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Patterson v. Denny's Corp.

IN THE UNITED STATES DISTRICT COURT FOR THE WESTERN DISTRICT OF PENNSYLVANIA


January 30, 2008

JACOB B. PATTERSON, INDIVIDUALLY AND ON BEHALF OF ALL OTHERS SIMILARLY SITUATED, PLAINTIFF,
v.
DENNY'S CORPORATION; DFO, LLC; AND WBF ENTERPRISES, INC., DEFENDANTS.

The opinion of the court was delivered by: Mitchell, Magistrate Judge

MEMORANDUM AND OPINION

Presently before the Court is a motion to dismiss the amended complaint filed by defendants Denny's Corporation ("Denny's") and DFO, LLC ("DFO"). For reasons discussed below, the defendants' motion to dismiss (Document No. 12) will be denied.

The plaintiff, Jacob B. Patterson, filed an amended complaint on behalf of himself and all others similarly situated, alleging that Denny's, DFO, and WBF Enterprises, Inc. ("WBF") willfully violated the Fair and Accurate Credit Transactions Act, 15 U.S.C. §§ 1681, et seq. ("FACTA").*fn1 The plaintiff contends that the defendants violated FACTA when on July 12, 2007, he was presented with an electronically printed receipt at a Denny's Restaurant located at 2079 E. State Street in Hermitage, PA, as the receipt contained the expiration date of his Visa card and was presented to him at the point of sale.*fn2

FACTA provides that "no person that accepts credit cards or debit cards for the transaction of business shall print more than the last 5 digits of the card number or the expiration date upon any receipt provided to the cardholder at the point of the sale or transaction." 15 U.S.C. § 1681c(g)(1). In the transaction at issue here, the plaintiff contends that WBF "was acting as an entity that accepts credit cards or debit cards for the transaction of business", while Denny's and DFO "exercised actual control over the operation of WBF in all material respects."*fn3

In identifying the relationship of the defendants, the plaintiff asserts that WBF is a franchisee of Denny's which operated the Denny's restaurant at 2079 E. State Street in Hermitage, PA; that DFO is a wholly-owned subsidiary of Denny's; and that Denny's, through its operating subsidiaries, including DFO, "exercises actual control over the Companies franchise operations."*fn4 Based on the defendants' complained-of acts, the plaintiff seeks statutory damages, punitive damages, costs and attorneys' fees.*fn5 The Court's federal question jurisdiction is invoked.

Denny's and DFO have moved to dismiss the amended complaint for failure to state a claim against them. They argue that as pled in the amended complaint, neither Denny's nor DFO printed the receipt and provided it to the plaintiff; rather, it was WBF that provided him with the receipt that allegedly violated FACTA. According to Denny's and DFO, FACTA only applies to an entity that prints and provides the customer receipt, not to entities who allegedly exercise control over that entity's operations, as FACTA does not encompass vicarious liability in this instance.

In reviewing a motion to dismiss, all well-pleaded allegations of the complaint must be accepted as true and viewed in a light most favorable to the non-movant. Estelle v. Gamble, 429 U.S. 97 (1976).*fn6 To survive a motion to dismiss, a complainant's "[f]actual allegations must be enough to raise a right to relief above the speculative level." Bell Atlantic Corp. v. Twombly, 127 S.Ct. 1955, 1965 (2007). A complaint will be dismissed if it does not plead "enough facts to state a claim to relief that is plausible on its face." Id. at 1974.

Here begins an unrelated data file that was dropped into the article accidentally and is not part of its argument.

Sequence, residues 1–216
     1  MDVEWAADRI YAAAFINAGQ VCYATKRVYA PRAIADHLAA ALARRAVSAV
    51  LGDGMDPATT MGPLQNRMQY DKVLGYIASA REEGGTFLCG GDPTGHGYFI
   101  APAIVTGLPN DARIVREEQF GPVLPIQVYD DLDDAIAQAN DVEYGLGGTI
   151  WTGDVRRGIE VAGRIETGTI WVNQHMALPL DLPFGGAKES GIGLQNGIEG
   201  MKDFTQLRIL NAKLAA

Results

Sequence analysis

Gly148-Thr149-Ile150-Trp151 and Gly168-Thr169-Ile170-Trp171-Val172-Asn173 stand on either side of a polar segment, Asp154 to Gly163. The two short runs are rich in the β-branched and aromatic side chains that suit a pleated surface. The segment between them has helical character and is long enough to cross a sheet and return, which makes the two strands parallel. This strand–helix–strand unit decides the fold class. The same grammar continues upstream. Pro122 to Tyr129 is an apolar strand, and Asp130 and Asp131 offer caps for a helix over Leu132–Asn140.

In their memorandum in support of their motion to dismiss, Denny's and DFO assert that they are unaware of any reported decisions construing which "persons" can be liable under FACTA.*fn7 The parties agree that in case law interpreting vicarious liability under both federal statutes and state common law in the franchise context, the decisive issue is whether a franchisor exercises control over the franchisee's business operations. See, e.g., Drexel v. Union Prescription Centers, Inc., 582 F.2d 781, 785-786 (3d Cir. 1978) ("Whether the control retained by the franchisor is... sufficient to establish a master-servant relationship depends in each case upon the nature and extent of such control as defined in the franchise agreement or by the actual practice of the parties").

In opposing the motion to dismiss, the plaintiff has submitted an excerpt from Denny's 10-K Report filed with the Securities and Exchange Commission for the fiscal year ended December 27, 2006 which discusses its "franchising" operation in part as follows:

The Denny's system is approximately one-third company-operated and two-thirds franchised...

A network of regional franchise operations managers oversee our franchised restaurants to ensure compliance with brand standards, promote operational excellence, and provide general support to our franchisees. These managers visit each franchised unit an average of two to four times per quarter.*fn8

Significantly, the plaintiff contends that Denny's and DFO exercised actual control over the franchise operation of WBF in all material respects.*fn9 Accepting this allegation as true and viewing it in a light most favorable to the plaintiff, we cannot say that the amended complaint fails to state a viable claim against the movants.

An appropriate Order will be entered.

ORDER

AND NOW, this 30th day of January 2008, for the reasons set forth in the Court's Memorandum and Opinion, IT IS ORDERED that the motion to dismiss the amended complaint filed by defendants Denny's and DFO (Document No. 12) is denied.

ROBERT C. MITCHELL United States Magistrate Judge


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